Overpopulation – The Human Explosion Explained
The UN calculates that there are more than 7 billion living humans on Earth, yet 200 years ago we numbered less than 1 billion. Recent estimates suggest that 6.5 percent of all people ever born are alive right now. This is the most conspicuous fact about world population growth: for thousands of years, population grew only slowly, but in recent centuries it has jumped dramatically. Between 1900 and 2000 the increase in world population was three times greater than the entire previous history of humanity– an increase from 1.5 to 6.1 billion in just 100 years.
A picture of world population in the very long-run fits the pattern of exponential growth (when a population grows exponentially the rate of growth is proportional to the size of the population). Yet an empirical observation of how growth rates have developed in the course of the last century reveals that this pattern no longer holds. The annual rate of population growth has recently been going down. A long historical period of accelerated growth has thus come to an end; the annual world population growth rate peaked in 1962, at around 2.1%, and has come down to almost half since.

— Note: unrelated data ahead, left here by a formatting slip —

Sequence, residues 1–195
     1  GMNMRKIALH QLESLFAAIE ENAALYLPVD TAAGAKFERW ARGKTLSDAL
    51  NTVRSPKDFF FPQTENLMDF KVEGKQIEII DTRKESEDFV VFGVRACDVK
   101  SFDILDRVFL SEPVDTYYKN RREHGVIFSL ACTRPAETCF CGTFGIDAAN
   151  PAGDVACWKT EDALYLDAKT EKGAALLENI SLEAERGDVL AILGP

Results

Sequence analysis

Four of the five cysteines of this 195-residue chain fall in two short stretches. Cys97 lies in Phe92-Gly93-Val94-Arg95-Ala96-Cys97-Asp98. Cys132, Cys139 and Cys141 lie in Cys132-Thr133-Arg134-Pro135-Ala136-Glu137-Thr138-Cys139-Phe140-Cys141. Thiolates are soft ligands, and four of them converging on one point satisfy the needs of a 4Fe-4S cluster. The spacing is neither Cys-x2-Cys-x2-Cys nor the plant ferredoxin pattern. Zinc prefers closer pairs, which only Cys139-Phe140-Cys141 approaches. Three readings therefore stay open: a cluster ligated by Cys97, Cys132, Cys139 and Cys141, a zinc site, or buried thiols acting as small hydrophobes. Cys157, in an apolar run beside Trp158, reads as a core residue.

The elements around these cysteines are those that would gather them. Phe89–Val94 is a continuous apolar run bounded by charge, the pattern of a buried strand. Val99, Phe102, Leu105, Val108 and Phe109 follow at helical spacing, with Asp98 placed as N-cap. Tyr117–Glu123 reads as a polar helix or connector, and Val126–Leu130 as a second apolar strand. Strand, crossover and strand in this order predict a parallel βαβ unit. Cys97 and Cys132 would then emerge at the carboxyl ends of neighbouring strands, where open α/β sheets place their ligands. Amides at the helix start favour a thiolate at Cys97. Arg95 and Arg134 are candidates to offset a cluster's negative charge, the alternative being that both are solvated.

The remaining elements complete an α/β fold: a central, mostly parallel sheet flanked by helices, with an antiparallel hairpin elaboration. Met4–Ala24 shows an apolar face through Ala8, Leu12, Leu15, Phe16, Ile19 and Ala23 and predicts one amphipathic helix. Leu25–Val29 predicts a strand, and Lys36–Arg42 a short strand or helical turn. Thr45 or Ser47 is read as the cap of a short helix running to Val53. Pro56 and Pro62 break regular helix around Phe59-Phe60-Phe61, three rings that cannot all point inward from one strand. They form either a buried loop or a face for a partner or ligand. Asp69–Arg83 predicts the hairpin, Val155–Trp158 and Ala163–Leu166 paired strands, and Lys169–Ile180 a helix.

Based on these observations, world history can be divided into three periods marked by distinct trends in population growth. The first period (pre-modernity) was a very long age of very slow population growth. The second period, beginning with the onset of modernity (with rising standards of living and improving health) and lasting until 1962, had an increasing rate of growth. Now that period is over, and the third part of the story has begun; the population growth rate is falling and will likely continue to fall, leading to an end of growth towards the end of this century.
Our World In Data
by Max Roser and Esteban Ortiz-Ospina
World Population Could Peak Decades Ahead of U.N. Forecast, Study Asserts
The study, published in The Lancet, said an accelerated decline in fertility rates means the global population could peak in 2064 at 9.7 billion and fall to 8.8 billion by century’s end.